Now is a good time to plan on
releasing more responsibility for learning
to your students.
The first quarter/semester is when you model reading and writing strategies, making, connections, incorporating a wide variety of examples in your own instruction, and also informing the students that you’ll be sharing the teaching opportunities with them to reach the COMMON CORE STANDARDS or AP Standards or those specific to your course. Thus, more students will be paying more attention and thinking about what they will be able to do. This pedagogical practice works well with students of all ages and abilities from those in upper elementary grades to middle school to graduate school in college.
When I’ve given this assignment, I’ve left the details pretty wide open because students always come up with appropriate things I’d never have thought of suggesting.
Of course, the students will want to know how much it’s worth. I’d say about 5% of the quarter grade. Enough to make a difference, but not enough to make them apprehensive. Kinds of connections? See HOW? below. Leave it as open as possible in your teaching situation. Trust them to do the right thing,
Most students are interested in the 5W and H?
- Who? You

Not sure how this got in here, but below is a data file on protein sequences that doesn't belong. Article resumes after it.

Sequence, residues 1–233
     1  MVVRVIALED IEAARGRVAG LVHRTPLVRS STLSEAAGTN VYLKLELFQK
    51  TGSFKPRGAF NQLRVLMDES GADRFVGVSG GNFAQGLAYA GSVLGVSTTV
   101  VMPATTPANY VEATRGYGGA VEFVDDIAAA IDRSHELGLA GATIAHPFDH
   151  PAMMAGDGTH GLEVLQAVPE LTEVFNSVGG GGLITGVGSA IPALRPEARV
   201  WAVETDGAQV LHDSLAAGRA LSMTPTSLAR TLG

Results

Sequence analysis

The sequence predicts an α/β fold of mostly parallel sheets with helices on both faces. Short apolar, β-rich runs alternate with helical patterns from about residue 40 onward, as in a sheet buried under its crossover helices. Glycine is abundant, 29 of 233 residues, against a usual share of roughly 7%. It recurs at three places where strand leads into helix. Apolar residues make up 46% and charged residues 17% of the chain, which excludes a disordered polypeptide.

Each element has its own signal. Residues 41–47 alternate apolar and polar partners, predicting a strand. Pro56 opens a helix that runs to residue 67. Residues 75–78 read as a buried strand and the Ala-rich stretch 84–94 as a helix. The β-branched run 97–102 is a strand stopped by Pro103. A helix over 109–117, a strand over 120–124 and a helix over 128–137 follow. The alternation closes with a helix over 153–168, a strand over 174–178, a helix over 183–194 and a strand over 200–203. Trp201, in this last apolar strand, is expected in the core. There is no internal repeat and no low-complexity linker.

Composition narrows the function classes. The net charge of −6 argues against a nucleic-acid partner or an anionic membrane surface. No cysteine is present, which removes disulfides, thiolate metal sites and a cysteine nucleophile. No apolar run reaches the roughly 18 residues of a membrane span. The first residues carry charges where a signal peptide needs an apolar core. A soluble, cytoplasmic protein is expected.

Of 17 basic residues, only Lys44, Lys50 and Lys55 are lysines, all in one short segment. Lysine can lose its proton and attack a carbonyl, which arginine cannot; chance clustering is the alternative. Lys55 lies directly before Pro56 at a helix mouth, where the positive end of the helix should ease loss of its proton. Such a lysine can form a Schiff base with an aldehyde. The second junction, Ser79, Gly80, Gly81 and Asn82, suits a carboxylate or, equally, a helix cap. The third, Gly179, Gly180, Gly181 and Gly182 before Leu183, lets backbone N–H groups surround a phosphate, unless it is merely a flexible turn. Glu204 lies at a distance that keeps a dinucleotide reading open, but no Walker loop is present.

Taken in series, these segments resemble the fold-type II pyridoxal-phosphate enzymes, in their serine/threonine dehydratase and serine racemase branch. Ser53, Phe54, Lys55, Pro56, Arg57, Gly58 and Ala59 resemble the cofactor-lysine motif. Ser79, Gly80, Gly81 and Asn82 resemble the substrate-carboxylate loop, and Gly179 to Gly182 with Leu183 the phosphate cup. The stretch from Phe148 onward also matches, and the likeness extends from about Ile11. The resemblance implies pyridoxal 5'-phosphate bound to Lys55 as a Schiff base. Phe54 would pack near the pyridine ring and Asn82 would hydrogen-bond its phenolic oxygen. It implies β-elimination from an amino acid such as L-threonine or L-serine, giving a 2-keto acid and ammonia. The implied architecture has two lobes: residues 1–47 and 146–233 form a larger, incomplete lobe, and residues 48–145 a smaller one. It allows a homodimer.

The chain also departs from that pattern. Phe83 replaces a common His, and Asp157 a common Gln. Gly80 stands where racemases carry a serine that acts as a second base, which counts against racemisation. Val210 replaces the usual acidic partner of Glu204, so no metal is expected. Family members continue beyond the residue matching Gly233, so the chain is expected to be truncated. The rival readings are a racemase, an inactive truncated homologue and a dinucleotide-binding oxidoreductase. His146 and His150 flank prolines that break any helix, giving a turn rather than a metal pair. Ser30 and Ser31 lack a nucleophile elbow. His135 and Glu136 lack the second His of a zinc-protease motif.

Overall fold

- What? Whatever seems appropriate to you that shows some connection to what we’re studied in the past week. See HOW?
- When? On the date you’ve signed up during the first 5-7 minutes of class.
- Where? Here in our classroom.
- Why? Because what you have to say can help us learn. This is a way for you to practice your presentation skills and earn full credit for an on time, within time, and appropriate presentation.
- How? Your choice of what’s appropriate. Could be a dramatic reading from the text; a poem, song, or video clip (previewed by teacher) that
- relates to, explains, explores and expands the topic we’re studying;
- makes a relevant connection to something studied in another course;
- is something experienced, observed, or viewed on TV or on-line.
If administrators or parents ask what’s going on, you can direct them to Pearson and Gallagher’s pedagogical theory of Gradual Release of Responsibility